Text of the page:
The major focus of our research is on interdisciplinary approaches to understand and develop novel interventions against antibiotic-resistant infections. With robust and extensive resources and expertise, we study antibiotic resistant pathogens from many angles. There is extensive basic research into mechanisms used by bacteria to resist antibiotics, virulence mechanisms to persist and replicate within the host, and studies of bacterial genome evolution and acquisition of antibiotic resistance. This work is enhanced by the ability to collect diverse clinical isolates in part through surveillance networks including the Georgia Emerging Infections Program (GaEIP) and the Gonococcal Isolate Surveillance Project (GISP). We study both synthetic and natural products in the search for novel antibiotics, supported by the Emory Chemical Biology Discovery Center, the Emory+Children’s Center for Drug Discovery, and the Emory Institute for Drug Discovery. We also study novel vaccines to prevent antibiotic-resistant infections in collaboration with the Emory Vaccine Center.

Importantly, our research encompasses the major antibiotic-resistant organisms causing disease today. This includes the so-called ESKAPE pathogens (Enterococcus faecalis, Staphylococcus aureus, Klebsiella pneumoniae, Acinetobacter baumannii, Pseudomonas aeruginosa, and Enterobacter spp. and E. coli) and the bacteria indicated as Urgent Threats by the CDC (Clostridium difficile, Neisseria gonorhoeae, and carbapenem-resistant Enterobacteriaceae).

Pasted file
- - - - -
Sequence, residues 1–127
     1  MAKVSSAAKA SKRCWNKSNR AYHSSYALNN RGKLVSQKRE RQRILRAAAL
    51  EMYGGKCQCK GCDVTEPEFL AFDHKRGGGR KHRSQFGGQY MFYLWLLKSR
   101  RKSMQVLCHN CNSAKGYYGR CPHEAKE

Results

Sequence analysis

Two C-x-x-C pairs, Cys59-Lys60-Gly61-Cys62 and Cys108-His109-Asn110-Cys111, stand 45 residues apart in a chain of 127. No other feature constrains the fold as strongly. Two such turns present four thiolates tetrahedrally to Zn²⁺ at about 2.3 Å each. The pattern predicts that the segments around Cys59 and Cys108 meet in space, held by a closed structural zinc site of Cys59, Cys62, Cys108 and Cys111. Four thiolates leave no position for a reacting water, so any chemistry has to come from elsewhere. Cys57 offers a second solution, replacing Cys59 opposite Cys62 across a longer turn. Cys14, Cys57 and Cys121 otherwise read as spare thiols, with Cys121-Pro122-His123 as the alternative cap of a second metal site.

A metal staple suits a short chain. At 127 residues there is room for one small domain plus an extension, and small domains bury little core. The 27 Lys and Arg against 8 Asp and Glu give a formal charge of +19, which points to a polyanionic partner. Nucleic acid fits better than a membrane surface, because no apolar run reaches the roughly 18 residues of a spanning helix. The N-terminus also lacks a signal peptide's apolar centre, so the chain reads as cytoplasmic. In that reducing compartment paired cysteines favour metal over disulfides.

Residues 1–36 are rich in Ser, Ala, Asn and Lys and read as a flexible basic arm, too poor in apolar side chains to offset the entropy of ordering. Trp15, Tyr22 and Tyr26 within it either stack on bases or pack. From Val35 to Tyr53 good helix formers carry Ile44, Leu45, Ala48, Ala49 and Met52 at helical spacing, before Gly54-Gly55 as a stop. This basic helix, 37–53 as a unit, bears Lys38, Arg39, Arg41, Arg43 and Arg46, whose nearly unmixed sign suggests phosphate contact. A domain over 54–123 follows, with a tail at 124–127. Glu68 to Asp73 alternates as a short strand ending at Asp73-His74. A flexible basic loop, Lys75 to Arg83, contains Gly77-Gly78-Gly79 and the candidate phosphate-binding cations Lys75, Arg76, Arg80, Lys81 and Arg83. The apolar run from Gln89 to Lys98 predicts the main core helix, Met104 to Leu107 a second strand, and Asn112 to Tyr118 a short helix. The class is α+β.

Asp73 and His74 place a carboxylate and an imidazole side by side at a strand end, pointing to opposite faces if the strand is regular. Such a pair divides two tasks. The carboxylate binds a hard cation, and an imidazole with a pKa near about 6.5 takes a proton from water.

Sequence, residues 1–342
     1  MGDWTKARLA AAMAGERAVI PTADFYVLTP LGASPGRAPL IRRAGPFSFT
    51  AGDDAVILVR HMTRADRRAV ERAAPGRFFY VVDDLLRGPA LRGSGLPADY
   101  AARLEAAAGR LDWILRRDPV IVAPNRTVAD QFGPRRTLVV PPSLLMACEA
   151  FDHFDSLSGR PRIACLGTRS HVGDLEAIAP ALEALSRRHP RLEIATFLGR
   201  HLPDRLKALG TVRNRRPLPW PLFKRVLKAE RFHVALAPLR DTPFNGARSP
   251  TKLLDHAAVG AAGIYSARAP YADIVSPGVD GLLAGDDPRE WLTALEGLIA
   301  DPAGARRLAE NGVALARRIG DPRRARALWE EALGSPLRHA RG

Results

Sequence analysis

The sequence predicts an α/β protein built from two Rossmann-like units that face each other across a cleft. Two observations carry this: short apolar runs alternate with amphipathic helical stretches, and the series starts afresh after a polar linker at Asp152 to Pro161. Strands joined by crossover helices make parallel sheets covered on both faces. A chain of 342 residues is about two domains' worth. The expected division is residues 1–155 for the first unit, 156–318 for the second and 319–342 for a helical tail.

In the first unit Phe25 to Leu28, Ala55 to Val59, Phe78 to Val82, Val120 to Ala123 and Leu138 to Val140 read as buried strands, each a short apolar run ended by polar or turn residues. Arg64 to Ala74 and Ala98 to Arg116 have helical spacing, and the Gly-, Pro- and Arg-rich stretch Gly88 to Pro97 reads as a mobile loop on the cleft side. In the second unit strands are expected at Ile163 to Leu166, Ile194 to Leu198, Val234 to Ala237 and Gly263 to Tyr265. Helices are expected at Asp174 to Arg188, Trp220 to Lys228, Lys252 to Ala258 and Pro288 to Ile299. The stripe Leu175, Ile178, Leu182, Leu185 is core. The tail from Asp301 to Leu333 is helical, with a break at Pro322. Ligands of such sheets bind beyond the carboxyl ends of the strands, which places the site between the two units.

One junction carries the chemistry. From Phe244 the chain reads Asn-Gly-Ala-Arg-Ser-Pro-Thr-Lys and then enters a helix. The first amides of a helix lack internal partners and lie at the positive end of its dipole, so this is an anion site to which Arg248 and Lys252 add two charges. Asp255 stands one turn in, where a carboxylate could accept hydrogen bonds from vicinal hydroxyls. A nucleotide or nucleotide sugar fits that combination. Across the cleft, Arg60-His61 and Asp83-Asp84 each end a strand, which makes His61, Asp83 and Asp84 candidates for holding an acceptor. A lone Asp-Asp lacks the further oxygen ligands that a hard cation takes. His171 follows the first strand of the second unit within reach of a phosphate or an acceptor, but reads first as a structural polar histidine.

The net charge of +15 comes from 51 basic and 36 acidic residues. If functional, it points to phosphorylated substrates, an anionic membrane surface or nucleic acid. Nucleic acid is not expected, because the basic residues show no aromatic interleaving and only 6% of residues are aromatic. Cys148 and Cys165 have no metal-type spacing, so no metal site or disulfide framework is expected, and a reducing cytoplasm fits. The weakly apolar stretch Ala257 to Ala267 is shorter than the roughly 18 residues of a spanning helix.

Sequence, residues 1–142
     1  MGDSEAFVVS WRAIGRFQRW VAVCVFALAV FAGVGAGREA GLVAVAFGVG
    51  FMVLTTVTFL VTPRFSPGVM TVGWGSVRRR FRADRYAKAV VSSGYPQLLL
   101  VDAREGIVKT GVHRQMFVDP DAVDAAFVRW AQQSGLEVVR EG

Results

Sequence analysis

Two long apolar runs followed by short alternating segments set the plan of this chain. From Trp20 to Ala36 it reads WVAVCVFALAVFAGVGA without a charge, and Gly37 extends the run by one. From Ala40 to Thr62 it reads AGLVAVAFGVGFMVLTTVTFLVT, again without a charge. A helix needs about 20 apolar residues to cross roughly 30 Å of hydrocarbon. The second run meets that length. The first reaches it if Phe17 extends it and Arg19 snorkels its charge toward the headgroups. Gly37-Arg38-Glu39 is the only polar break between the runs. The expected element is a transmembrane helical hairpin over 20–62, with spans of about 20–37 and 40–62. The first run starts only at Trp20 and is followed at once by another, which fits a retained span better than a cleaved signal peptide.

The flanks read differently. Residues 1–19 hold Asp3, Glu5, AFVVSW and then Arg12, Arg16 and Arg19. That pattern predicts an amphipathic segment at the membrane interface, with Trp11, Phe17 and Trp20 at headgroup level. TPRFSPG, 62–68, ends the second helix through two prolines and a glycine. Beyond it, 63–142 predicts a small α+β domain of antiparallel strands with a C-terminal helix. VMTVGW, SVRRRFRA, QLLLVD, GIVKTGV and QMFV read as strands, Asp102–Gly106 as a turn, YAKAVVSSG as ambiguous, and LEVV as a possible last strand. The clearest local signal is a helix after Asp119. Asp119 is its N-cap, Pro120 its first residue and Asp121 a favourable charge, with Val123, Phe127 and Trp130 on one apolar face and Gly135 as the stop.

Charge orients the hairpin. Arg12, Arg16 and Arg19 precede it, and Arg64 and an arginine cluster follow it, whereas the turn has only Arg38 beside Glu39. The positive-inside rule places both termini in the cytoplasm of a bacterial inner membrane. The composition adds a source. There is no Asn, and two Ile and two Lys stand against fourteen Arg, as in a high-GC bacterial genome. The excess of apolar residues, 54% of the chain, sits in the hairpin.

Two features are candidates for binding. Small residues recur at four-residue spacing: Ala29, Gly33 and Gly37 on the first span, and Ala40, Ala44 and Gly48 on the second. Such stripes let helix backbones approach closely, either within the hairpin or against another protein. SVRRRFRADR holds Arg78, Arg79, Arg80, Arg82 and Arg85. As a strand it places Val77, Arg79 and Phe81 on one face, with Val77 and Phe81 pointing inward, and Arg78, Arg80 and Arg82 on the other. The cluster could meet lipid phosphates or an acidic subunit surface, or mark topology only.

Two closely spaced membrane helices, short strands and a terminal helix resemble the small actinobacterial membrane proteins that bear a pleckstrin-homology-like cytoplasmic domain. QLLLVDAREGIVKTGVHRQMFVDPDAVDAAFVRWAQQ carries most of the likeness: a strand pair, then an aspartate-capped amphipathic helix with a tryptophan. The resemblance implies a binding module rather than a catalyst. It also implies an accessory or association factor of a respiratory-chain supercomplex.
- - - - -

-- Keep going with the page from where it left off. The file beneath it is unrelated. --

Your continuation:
This broad and cutting-edge research program will continue to lead to critical novel insights into the causes and mechanisms of antibiotic resistance as well as new interventions to prevent drug-resistant infections, preserving the power of antibiotics for generations to come.

Novel method to identify effective antibiotic combinations to kill pan-resistant bacteria

A sneaky form of antibiotic resistance called "heteroresistance" is more widespread than previously appreciated, Emory researchers found. But tracking heteroresistance might guide the choice of antibiotic combinations that can defeat bacteria regarded as invincible.

Galectins defend against bacterial wolves in sheeps' clothing

Emory University's Sean Stowell and colleagues explain how galectins can be compared to sheep dogs, which are vigilant in protecting our cells (sheep) against bacteria that may try to disguise themselves (wolves).